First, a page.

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Sitting at the mouth of the gentle River Lagan where it becomes a deep and sheltered lough, Belfast is surrounded by mountains that create a special micro-climate that is conducive and beneficial to horticulture.

From the Victorian idyll that is Botanic Gardens in the heart of the city to the spectacular heights of Cave Hill Country Park, the great expanse of Lagan Valley Regional Park to the tranquil beauty of Colin Glen, Belfast contains an abundance of beautiful parkland and forest parks, all of which are in close proximity to Belfast city centre.

Parks and Gardens are an integral part of Belfast’s heritage, and home to an abundance of local wildlife and popular places for a picnic, a stroll or a jog. Numerous events take place throughout including festivals such as Rose Week and special activities such as bird watching evenings and great beast hunts.

Belfast has over forty public parks. The Forest of Belfast is a partnership between government and local groups, set up in 1992 to manage and conserve the city’s parks and open spaces. They have commissioned more than 30 public sculptures since 1993. In 2006, the City Council set aside 8 million to continue this work. The Belfast Naturalists’ Field Club was founded in 1863 and is administered by National Museums and Galleries of Northern Ireland.

Especially prized is the iron and glass hothouse known as the Palm House – a splendid example of Victorian workmanship. The Palm House is a companion to the great glasshouses at Kew Gardens in London and the Botanic Gardens in Dublin, all of which were designed by Charles Lanyon. The Belfast version is a little diminutive in comparison with the great buildings at Kew, but has the same grace of design and contains an enormous variety of tropical plants. The gardens also contain rose beds, beautifully maintained herbaceous borders and a children’s playground. The summer months see show jumping and free performances by brass bands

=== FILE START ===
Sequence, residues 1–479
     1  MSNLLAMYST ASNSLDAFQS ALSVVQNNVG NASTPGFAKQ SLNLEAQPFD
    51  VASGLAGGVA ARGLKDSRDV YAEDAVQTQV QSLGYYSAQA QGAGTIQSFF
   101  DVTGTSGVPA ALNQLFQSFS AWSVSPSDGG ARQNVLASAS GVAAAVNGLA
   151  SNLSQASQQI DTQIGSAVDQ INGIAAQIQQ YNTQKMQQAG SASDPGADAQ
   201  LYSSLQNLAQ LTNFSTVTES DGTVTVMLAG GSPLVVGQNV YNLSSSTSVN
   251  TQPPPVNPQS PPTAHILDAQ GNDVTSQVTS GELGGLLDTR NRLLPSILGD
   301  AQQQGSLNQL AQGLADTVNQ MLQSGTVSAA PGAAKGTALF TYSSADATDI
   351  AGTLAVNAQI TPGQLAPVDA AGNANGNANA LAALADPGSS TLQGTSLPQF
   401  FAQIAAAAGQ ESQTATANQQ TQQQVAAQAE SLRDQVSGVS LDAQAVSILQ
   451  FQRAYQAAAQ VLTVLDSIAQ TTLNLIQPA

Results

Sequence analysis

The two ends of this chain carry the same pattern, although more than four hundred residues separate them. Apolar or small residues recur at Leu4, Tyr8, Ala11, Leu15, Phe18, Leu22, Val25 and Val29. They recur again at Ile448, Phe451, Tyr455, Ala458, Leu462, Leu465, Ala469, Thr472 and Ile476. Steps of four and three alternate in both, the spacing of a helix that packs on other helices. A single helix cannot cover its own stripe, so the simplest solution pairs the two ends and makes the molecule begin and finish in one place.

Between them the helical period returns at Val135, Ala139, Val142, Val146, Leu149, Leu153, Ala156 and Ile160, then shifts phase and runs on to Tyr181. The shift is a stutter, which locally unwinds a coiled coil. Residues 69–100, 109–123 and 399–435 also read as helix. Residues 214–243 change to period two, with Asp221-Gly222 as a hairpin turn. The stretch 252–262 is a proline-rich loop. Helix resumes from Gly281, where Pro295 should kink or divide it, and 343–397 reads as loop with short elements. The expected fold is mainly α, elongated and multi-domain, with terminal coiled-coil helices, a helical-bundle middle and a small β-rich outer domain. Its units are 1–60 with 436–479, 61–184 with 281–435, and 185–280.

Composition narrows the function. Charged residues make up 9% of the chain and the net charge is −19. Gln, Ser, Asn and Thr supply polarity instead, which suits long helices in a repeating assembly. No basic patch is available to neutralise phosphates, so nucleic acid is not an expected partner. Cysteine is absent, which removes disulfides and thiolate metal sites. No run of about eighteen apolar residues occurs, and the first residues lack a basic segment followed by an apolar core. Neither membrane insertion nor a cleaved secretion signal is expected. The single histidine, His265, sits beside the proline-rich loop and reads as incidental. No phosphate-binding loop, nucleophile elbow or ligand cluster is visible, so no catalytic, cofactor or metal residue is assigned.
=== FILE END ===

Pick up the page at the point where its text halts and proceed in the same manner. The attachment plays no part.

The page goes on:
History of Botanical Gardens in Belfast

First established in 1828, the gardens have been enjoyed as a public park by the people of Belfast since 1895. There is an extensive rose garden and long herbaceous borders and the tree enthusiast can seek out the rare oaks planted in the 1880s, including the hornbeam-leafed oak. Situated near Queens University Belfast, the Botanic Gardens is an important part of Belfasts Victorian heritage and a popular meeting place for residents, students and tourists.

Designed by Charles Lanyon ,The Palm House is one of the earliest examples of a curvilinear cast iron glasshouse. Its construction was initiated by the Belfast Botanical and Horticultural Society in the 1830s. The two wings were completed in 1840, and were built by Richard Turner of Dublin, who later built the Great Palm House at Kew Gardens. Over the years, the Palm House has acquired a reputation for good plant collections.

The cool wing houses all year round displays of colour and scent using plants such as geranium, fuchsia, begonia and built displays. Construction of the Palm House began in 1839, and the Tropical Ravine, or Fernery, completed in 1889, is a fine example of horticultural Victoriana. The plants grow in a sunken glen overlooked by a balcony. The stove wing and dome area contain a range of temperate and tropical plants with particular emphasis on species of economic value.

At the Tropical Ravine, the Ulster History Circle have erected a Blue Plaque dedicated to Charles McKimm 1848-1907. McKimm came to the Royal Botanic Gardens in 1874, and was eventually appointed as Head Gardener. His enthusiasm caused many improvements to be made and the gardens were transofrmed. Belfast Corporation purchased the Gardens and renamed it the Belfast Botanical Gardens Park. In 1903 McKimm was appointed to a newly created post of General Superintendent of Parks for Belfast.

The Palm House in Belfasts Botanical Gardens

It contains two important buildings, the Palm House and the Tropical Ravine, as well as a children’s playground, a bowling green, walking routes, a rose garden and assorted tropical plants, mature trees and flower beds.

The park is often used for events, as well as band recitals, concerts and opera performances.

The gardens’ most notable feature is the Palm House conservatory. The foundation stone was laid by the Marquess of Donegall in 1839 and work was completed in 1840. It is one of the earliest examples of a curvilinear cast iron glasshouses in the world. Designed by Charles Lanyon and built byRichard Turner, Belfast’s Palm House predates the glasshouses at Kew and the Irish National Botanic gardens at Glasnevin. Turner went on to build both of these glasshouses.

The Palm House consists of two wings, the cool wing and the tropical wing which contains the dome. Lanyon altered his original plans to increase the height of the dome, allowing for much taller plants. In the past these have included an 11 metre tall Globe Spear Lily. Thelily, which is native to Australia, finally bloomed in March 2005 after a 23 year wait. The Palm House also features a 400 year old Xanthorrhoea.

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